Praise for Horncastle’s new defences after flooding scare

A close thing: Content Editor John Fieldhouse took this photo of the River Bain at 5pm on Easter Monday
A close thing: Content Editor John Fieldhouse took this photo of the River Bain at 5pm on Easter Monday

Residents and councillors in Horncastle have praised the town’s new multi-million pound flood defences after a potentially major incident was averted last week.

The Environment Agency confirmed the defences came into operation for the first time after heavy rain on Easter Monday led to fears the River Bain would burst its banks.

Even with the defences, the Bain came within inches of breaching banks around the Tesco bridge and Watermill Road areas.

Town council chairman Coun Brian Burbidge said he had driven around the town at the height of concerns and is convinced the defences prevented significant flooding.

He said: “The level of the river was worringly high at one stage - even with the defences working.

“Without them, I’m sure there would have been extensive flooding in parts of the town.”

Several people had gathered at Tesco bridge at teaime on Monday to watch the river rise.

Resident Anne Palmer said: “Our friend’s property has flooded before.

“As the water level rose, everyone just felt so helpless.

“Someone said the defences were working, but when the river got to within three or four inches of the top of the wall (Watermill Road) we all feared the worst.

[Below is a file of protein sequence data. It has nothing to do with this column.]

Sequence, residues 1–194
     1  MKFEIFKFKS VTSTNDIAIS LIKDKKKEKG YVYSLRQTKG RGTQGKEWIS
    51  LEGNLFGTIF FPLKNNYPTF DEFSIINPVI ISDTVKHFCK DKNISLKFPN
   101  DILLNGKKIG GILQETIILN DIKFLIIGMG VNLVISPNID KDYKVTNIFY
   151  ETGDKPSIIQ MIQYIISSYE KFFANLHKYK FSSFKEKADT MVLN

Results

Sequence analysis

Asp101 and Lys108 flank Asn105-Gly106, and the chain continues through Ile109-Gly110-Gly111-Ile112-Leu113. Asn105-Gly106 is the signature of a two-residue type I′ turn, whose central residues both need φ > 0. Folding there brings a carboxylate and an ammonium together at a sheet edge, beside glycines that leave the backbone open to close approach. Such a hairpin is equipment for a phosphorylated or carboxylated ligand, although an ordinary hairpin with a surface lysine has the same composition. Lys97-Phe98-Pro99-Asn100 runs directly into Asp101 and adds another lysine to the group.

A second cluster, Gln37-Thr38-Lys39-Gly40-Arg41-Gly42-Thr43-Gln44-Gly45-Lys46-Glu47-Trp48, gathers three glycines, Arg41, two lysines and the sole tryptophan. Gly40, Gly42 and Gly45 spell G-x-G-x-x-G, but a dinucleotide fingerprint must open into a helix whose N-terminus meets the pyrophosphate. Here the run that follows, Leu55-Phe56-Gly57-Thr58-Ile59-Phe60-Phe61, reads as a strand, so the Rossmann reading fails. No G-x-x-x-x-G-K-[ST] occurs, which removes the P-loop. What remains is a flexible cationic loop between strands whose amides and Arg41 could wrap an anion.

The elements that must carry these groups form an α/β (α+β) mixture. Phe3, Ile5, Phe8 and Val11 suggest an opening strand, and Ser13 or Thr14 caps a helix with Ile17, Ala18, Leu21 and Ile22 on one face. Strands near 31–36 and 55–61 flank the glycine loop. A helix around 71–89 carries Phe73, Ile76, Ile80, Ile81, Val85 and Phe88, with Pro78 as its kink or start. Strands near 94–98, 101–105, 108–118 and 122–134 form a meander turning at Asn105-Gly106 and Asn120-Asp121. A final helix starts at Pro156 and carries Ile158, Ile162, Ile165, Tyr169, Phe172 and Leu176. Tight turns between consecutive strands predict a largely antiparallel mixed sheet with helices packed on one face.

“Fortunately, the rain had stopped earlier in the day but you can only worry would would have happened if the rain had continued - and if the defences hadn’t worked.

A spokesperson for the Environment Agency said: “The flood reservoir in Horncastle started to partially fill for the first time once river levels exceeded a pre-determined trigger point.

“The flood reservoirs did what they were designed to do - to store flood water that could otherwise have put people and their properties at risk.”

The town’s county councillor Bill Aron - a long-time campaigner for improved defences - said: “I was pleased that the new flood alleviation barrier was operational and although the River Bain was almost full to capacity, it didn’t over-top.“

Some local roads did flood - including Low Toyton Road - after the River Waring burst its banks.

Belchford and, in particular, Goulceby also experienced flooding.

Coun Burbidge said he intended to find out whether a pumping system in Ings Lane - close to Tesco’s car park - worked correctly. He said water from the drain flooded the Prospect Street playground.

Coun Burbidge added there was standing water in other parts of Horncastle which he said highlighted why the town’s Victorian drainage system needed to be improved.e